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John Calvin was Not a Very Good Calvinist — Thank Goodness!

December 28th, 2007
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I bumped into this very well done brief summary of John Calvin’s view on what has become one of the five-pillars of Calvinist "wisdom" or, to put it more accurately, one of the things that is so wrong about Calvinism namely, the teaching that Christ’s atonement was limited, not for all. It is a such a glaring contradiction of the teaching of the New Testament, but Calvinism finally is about logically arranging all things in a nice, tidy system. Well, seems John Calvin himself was not much of a Calvinist. Here are quotes from his Bible commentaries that refute belief in a limited atonement:

How Calvinistic was John Calvin? What did he teach concerning the extent of the atonement? Let us ponder his own words:

Isaiah 53:12–"I approve of the ordinary reading, that He alone bore
the punishment of many, because on Him was laid the guilt of the whole
world. It is evident from other passages, and especially from the fifth
chapter of the Epistle to the Romans, that many sometimes denotes all."

Mark 14:24 – "The word many does not mean a part of the world only, but
the whole human race." In other words, Christ’s blood was shed for the
whole human race.

On Matthew 20:28–"‘Many’ is used, not for a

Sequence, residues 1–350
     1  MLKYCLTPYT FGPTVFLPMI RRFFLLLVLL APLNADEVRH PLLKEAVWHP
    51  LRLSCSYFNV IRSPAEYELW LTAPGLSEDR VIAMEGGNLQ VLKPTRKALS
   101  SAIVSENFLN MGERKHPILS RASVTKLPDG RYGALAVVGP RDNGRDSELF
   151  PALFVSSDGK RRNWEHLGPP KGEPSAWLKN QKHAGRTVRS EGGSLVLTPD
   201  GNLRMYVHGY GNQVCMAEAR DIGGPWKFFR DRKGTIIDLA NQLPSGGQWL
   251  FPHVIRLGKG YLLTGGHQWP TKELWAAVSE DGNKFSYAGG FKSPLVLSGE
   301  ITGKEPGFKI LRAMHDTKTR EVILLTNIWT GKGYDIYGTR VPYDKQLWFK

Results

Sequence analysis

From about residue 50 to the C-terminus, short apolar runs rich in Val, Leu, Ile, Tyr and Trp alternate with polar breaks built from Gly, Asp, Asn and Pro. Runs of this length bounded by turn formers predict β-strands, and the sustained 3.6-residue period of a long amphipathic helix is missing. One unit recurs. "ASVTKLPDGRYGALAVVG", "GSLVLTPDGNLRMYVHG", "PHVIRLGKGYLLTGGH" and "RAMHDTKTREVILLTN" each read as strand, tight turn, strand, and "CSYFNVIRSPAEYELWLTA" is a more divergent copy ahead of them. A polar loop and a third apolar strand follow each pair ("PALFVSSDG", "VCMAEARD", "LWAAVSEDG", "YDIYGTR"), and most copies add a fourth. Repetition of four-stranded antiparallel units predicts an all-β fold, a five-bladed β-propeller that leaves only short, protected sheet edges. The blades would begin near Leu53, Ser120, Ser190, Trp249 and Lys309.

definite number, but for a large number, in that He sets Himself over
against all others. And this is its meaning also in Rom. 5:15, where
Paul is not talking of a part of mankind but of the whole human race."

John 1:29 – "And when he says the sin OF THE WORLD, He extends this
favour indiscriminately to the whole human race….all men without
exception are guilty of unrighteousness before God and need to be
reconciled to Him….Now our duty is, to embrace the benefit which is
offered to all, that each of us may be convinced that there is nothing
to hinder him from obtaining reconciliation in Christ, provided that he
comes to him by…faith."

On John 3:16 – "He has employed the
universal term whosoever, both to invite all indiscriminately to
partake of life, and to cut off every excuse from unbelievers….He
shows Himself to be reconciled to the whole world, when He invites all
men without exception to the faith of Christ."

On Romans 5:18 –
"He makes this favor common to all, because it is propoundable to all,
and not because it is in reality extended to all (i.e. in the
experience); for though Christ suffered for the sins of the whole
world, and is offered through God’s benignity indiscriminately to all,
yet all do not receive Him."

On 2 Corinthians 5:19 – God "shows
Himself to be reconciled to the whole world" and Calvin goes on to say
that the "whole world" means "all men without exception."

Galatians 5:12 – "It is the will of God that we should seek the
salvation of all men without exception, as Christ suffered for the sins
of the whole world."

On Colossians 1:15–"This redemption was
procured by the blood of Christ, for by the sacrifice of His death all
the sins of the world have been expiated."

On Hebrews 5:9–"He
(the writer of Hebrews) has inserted the universal term ‘to all’ to
show that no one is excluded from this salvation who proves to be
attentive and obedient to the Gospel of Christ."

Calvin even
taught that the lost were purchased by Christ’s blood: "It is no small
matter to have the souls perish who were bought by the blood of Christ"
(MG, 83).

In fairness, it should be stated that some of Calvin’s
comments seem to indicate that he held to a limited atonement (see his
comments on 1 Timothy 2:4-6, for example, where he says that the "all"